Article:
Criticism is a part of life. It may come from a colleague in a meeting, a judgmental mom on the playground or a snarky comment on Facebook. Even well-intentioned criticism spikes our heart rate and puts us on the defensive. If we give in to these negative urges, we end up feeling even worse. Learn how to adopt a Zen-like approach to handling criticism. You’ll be glad you did.
Take a moment
Let’s be honest: When a critic gives negative feedback, it feels bad. Those bad feelings quickly morph into anger and if you’re not careful, you’re probably going to say or write something you’ll only regret later. Instead of going with that first reaction, take a deep breath and do not respond. Not giving you that calming effect you were hoping for? Take another deep breath. In fact, take all the time you need until you can find a sense of inner peace. You’ll know when you’re ready to reply with a calm and kind response.
Acknowledge and thank
Leo Babauta, author of the popular blog Zen Habits, penned two blog posts specifically on how to accept criticism. Babauta says he learned to thank his blog critics for their comments, even if those comments were scathing. “This had a startling effect,” writes Babauta. “The commenter would often respond very positively. Thanking the commenter and acknowledging their point is disarming. People who leave rude comments don’t expect you to listen to them, much less be grateful and empathetic. I had many of my critics become friends after doing that — I’ve never seen a tactic have better results.”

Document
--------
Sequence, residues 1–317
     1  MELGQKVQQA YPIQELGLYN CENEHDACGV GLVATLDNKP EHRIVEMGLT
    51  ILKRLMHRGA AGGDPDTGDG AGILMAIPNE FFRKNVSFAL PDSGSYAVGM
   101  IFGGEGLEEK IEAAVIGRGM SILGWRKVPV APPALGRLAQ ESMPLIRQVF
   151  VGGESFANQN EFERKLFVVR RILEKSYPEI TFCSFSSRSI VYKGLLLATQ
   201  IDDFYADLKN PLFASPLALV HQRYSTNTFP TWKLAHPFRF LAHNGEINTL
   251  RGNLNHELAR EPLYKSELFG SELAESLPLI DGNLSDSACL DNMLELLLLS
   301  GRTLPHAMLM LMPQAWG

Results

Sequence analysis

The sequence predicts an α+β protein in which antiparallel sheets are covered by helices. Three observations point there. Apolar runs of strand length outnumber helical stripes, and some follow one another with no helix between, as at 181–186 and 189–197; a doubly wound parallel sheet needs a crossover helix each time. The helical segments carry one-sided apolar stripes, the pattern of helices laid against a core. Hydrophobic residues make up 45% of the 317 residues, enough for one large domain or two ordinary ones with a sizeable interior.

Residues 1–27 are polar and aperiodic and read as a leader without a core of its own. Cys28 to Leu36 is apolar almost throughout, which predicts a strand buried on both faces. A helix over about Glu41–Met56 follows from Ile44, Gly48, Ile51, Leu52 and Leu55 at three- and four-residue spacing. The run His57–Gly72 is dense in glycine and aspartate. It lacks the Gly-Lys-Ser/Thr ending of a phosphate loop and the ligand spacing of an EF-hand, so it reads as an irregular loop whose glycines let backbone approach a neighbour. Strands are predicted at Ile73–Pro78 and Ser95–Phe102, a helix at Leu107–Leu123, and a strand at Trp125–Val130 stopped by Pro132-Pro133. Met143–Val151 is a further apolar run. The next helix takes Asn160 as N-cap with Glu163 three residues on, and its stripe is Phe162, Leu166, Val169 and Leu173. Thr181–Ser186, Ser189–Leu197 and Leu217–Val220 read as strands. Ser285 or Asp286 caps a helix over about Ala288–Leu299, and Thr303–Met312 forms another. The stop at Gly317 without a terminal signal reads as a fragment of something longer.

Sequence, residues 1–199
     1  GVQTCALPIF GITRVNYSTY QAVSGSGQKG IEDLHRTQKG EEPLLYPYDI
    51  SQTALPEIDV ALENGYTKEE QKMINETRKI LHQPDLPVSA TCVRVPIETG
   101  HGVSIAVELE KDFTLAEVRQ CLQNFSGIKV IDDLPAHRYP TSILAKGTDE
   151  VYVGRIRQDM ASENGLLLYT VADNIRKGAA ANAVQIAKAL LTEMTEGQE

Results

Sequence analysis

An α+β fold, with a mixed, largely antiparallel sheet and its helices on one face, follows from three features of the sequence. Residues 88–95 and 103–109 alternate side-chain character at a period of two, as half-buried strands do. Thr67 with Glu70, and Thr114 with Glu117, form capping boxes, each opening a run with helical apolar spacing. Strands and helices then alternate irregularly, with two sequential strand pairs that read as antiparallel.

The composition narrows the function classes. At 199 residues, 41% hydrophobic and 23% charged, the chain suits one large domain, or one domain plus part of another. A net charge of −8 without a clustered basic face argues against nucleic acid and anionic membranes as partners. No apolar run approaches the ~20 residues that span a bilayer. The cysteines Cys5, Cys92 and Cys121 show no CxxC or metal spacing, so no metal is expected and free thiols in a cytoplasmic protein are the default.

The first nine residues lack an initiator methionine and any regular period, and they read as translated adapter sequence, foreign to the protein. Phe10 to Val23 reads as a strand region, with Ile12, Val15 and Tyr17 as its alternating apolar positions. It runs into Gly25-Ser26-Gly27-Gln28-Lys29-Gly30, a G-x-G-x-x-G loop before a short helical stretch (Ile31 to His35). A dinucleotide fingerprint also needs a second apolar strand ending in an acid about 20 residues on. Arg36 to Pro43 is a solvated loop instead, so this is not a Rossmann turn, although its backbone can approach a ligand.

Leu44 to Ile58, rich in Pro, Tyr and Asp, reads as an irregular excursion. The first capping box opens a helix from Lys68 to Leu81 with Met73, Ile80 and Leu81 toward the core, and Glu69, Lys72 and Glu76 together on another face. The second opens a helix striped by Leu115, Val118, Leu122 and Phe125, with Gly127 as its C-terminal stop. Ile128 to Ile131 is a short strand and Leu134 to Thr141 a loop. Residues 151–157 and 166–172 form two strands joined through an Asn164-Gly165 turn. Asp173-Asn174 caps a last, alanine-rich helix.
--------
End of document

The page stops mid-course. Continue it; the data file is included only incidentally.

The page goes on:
Seek the truth in criticism
As bad as criticism makes us feel, there’s often a kernel of truth in what the critic has said. Ignore personal attacks, and examine your critic’s comment to see if there is an opportunity for positive change. If so, take the criticism and use it to improve yourself.
By rising above insults and attacks, Babauta explains there are two amazing benefits: “Others will admire you and think better of you for rising above the attack. Especially if you remain positive and actually take the criticism well.” Secondly, Babauta writes, “You will feel better about yourself. By participating in personal attacks, we dirty ourselves. But if we can stay above that level, we feel good about who we are.”